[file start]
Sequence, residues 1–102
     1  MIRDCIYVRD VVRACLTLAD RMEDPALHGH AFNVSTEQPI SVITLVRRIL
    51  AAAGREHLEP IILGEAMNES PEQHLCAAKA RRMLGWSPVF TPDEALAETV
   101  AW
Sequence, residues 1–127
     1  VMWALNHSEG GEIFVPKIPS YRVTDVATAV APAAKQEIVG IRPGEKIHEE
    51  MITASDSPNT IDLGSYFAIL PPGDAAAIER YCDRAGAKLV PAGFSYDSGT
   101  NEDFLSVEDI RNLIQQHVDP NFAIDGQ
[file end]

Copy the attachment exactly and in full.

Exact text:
Sequence, residues 1–102
     1  MIRDCIYVRD VVRACLTLAD RMEDPALHGH AFNVSTEQPI SVITLVRRIL
    51  AAAGREHLEP IILGEAMNES PEQHLCAAKA RRMLGWSPVF TPDEALAETV
   101  AW
Sequence, residues 1–127
     1  VMWALNHSEG GEIFVPKIPS YRVTDVATAV APAAKQEIVG IRPGEKIHEE
    51  MITASDSPNT IDLGSYFAIL PPGDAAAIER YCDRAGAKLV PAGFSYDSGT
   101  NEDFLSVEDI RNLIQQHVDP NFAIDGQ